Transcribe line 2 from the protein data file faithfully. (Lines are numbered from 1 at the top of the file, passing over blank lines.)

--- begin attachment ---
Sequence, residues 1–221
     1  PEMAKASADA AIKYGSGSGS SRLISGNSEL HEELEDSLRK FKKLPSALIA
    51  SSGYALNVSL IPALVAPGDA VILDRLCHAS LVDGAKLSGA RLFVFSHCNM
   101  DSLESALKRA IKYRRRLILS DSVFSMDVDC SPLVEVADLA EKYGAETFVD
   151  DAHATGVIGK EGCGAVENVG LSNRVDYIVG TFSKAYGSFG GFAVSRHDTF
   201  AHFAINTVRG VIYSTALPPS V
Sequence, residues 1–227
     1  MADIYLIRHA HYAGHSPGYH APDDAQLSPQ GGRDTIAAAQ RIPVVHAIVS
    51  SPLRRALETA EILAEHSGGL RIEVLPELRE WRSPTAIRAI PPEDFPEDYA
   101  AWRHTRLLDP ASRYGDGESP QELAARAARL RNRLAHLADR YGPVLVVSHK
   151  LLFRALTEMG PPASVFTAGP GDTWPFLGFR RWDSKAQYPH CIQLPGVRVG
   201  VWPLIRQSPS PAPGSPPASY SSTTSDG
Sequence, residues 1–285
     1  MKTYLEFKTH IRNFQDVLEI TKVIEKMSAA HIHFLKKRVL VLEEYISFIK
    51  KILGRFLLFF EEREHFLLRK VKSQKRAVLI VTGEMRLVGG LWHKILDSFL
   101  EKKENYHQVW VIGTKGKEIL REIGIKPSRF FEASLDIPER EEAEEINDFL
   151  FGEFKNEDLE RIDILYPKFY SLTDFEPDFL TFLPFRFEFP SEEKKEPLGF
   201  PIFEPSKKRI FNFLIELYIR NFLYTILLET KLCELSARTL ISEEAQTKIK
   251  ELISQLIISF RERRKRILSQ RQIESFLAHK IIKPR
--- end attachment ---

     1  PEMAKASADA AIKYGSGSGS SRLISGNSEL HEELEDSLRK FKKLPSALIA